The National Structural Integrity Research Centre (NSIRC) is pleased to announce its new cooperation agreement with Kaunas University of Technology (KTU) in Lithuania.
The partnership will contribute additional academic excellence to NSIRC, as it seeks to address the need for fundamental research into structural integrity. KTU is the 17th academic partner to join NSIRC, alongside other leading universities including Brunel, Leicester, Southampton, Edinburgh and Birmingham, and the first from mainland Europe. The deal will allow students in the university’s department of engineering to receive state-of-the-art training through NSIRC over the next ten years.
NSIRC will provide a top level of studies combined with high-quality, industry-relevant training to support the safe operation of products and structures, innovation, fit-for-purpose technologies and design rules. Areas of study will include risk-based management, engineering critical assessment, non-destructive testing (NDT), structural heath and condition monitoring, and health management for use in industrial applications.
Leonas Balaševičius, director of science at KTU, said: ‘Fundamental knowledge and the opportunity to work with top researchers’ groups in the partners’ institutions, combined with industry experience and the chance to carry out research in the state-of-the-art laboratories at NSIRC will ensure development of highly qualified professionals, who are much needed in the labour market.’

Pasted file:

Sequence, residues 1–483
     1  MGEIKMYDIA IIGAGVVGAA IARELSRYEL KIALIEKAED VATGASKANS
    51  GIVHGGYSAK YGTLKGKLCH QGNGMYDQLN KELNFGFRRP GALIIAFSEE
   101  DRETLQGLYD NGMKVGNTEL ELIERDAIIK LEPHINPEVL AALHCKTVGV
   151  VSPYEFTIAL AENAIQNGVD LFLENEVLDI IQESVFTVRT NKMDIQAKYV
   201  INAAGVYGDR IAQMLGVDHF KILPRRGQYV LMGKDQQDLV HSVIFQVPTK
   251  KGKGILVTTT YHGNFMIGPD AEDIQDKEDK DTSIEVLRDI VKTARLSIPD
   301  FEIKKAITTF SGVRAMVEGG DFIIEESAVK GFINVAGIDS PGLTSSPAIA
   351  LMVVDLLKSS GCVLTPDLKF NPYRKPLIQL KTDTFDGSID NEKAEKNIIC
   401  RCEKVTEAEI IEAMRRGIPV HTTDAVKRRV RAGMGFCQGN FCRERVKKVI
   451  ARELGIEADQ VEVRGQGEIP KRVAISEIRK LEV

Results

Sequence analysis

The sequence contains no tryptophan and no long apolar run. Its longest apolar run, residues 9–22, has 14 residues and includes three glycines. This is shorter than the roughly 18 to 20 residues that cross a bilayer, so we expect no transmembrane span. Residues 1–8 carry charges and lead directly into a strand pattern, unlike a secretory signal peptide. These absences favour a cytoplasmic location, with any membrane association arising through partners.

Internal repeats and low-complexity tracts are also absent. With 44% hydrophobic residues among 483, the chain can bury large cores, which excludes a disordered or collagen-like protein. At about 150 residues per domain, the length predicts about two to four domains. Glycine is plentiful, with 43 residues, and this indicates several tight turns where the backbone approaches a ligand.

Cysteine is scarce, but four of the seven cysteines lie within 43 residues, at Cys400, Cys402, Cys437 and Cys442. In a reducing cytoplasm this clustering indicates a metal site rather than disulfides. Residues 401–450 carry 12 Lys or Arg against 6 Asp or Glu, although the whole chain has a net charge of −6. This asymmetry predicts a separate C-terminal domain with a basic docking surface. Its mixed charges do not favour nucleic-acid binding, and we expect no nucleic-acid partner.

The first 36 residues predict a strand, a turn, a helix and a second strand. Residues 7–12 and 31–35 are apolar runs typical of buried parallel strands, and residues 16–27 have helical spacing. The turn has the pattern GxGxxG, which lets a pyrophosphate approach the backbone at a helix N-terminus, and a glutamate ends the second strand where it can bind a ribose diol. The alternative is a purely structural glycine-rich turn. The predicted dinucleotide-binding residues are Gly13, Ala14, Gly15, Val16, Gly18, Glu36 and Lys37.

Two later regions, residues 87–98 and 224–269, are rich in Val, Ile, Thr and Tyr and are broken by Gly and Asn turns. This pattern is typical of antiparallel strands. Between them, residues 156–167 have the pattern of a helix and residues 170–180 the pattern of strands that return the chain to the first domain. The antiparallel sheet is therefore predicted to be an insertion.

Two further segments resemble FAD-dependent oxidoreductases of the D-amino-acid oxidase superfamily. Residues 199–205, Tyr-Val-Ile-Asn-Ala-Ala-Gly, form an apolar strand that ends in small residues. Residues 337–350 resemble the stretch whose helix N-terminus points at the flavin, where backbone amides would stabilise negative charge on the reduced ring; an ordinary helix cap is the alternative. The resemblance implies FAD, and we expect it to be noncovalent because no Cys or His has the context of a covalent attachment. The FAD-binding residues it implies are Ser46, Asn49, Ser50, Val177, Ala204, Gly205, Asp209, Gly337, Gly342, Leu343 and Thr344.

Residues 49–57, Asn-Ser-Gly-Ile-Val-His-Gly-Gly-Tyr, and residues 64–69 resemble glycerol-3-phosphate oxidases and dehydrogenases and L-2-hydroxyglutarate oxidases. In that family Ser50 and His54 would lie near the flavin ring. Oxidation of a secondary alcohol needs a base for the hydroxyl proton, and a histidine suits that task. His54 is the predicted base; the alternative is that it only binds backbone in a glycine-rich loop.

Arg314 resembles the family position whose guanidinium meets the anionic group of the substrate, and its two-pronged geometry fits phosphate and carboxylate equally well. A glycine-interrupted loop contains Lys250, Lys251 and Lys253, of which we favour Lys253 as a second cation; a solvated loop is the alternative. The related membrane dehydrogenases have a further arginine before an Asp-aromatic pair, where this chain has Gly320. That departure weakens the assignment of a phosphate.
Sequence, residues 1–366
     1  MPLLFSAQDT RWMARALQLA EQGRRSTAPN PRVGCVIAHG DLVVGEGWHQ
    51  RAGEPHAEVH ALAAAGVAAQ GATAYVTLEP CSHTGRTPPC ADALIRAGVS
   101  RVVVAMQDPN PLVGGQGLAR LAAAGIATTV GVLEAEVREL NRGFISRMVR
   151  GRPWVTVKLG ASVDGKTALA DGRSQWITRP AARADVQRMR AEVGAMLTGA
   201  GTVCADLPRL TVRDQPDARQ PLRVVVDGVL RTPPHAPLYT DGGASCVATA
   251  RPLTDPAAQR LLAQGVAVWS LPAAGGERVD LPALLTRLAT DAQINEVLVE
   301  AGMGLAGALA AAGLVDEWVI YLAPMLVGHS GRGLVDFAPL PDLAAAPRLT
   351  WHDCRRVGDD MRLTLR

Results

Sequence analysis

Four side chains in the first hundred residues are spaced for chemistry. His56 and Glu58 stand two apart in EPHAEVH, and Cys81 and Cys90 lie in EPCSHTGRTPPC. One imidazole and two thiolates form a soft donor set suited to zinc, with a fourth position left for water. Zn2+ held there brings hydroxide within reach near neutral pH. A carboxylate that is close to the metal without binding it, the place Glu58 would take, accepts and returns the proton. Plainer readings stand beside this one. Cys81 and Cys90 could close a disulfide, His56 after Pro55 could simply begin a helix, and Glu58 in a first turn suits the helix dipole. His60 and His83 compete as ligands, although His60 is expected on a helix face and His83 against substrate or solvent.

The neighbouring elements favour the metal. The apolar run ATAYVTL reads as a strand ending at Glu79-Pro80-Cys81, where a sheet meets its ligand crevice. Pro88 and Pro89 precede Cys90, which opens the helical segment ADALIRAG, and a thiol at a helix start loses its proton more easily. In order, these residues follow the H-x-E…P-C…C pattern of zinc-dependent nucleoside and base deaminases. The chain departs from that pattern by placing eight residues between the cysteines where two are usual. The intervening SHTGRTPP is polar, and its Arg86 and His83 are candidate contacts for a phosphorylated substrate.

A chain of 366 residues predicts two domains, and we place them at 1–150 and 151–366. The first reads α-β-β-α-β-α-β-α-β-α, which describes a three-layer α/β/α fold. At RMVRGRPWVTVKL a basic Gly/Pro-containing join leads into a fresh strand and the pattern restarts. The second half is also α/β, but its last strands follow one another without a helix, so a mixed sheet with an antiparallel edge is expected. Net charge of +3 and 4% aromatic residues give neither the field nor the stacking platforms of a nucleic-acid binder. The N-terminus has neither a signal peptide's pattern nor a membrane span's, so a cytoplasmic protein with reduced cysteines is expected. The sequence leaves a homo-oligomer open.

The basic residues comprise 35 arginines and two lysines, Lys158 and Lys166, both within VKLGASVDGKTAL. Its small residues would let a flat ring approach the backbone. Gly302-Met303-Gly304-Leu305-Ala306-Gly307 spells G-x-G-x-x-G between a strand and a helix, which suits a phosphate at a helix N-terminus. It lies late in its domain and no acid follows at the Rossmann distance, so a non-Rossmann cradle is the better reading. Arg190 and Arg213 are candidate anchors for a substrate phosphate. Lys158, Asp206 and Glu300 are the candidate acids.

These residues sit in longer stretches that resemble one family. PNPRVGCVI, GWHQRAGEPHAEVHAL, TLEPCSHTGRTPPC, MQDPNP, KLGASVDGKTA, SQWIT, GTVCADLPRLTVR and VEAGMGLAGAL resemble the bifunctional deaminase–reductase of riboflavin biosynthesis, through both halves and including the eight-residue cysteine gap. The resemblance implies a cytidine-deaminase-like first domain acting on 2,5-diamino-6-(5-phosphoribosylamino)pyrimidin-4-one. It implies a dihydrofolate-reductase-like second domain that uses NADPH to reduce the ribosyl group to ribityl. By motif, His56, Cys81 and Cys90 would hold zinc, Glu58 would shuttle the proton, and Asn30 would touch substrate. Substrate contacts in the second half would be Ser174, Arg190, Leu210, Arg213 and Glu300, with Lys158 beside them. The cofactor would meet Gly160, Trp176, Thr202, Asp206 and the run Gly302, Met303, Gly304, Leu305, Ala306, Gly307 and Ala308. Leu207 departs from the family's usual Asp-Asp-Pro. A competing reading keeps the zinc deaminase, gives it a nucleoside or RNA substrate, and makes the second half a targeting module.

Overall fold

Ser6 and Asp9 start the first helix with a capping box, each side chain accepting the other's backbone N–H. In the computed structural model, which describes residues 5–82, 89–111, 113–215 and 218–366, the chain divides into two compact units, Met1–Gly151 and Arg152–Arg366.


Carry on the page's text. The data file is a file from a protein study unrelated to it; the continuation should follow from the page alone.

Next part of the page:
Professor Tat-Hean Gan, technology director at NSIRC, said: ‘We are delighted to collaborate with Kaunas University of Technology. Together with universities such as Brunel, Cambridge, Loughborough, Southampton, Coventry, Edinburgh and Strathclyde, KTU will strengthen our academic partnership and assist in the delivery of the NSIRC programme. In particular, the collaboration will strengthen our expertise in the technical area of ultrasonic NDT.
‘KTU is the first university from mainland Europe to join NSIRC, and as our academic network continues to grow, NSIRC gets closer to its goal of becoming a world-renowned centre of excellence for structural integrity.’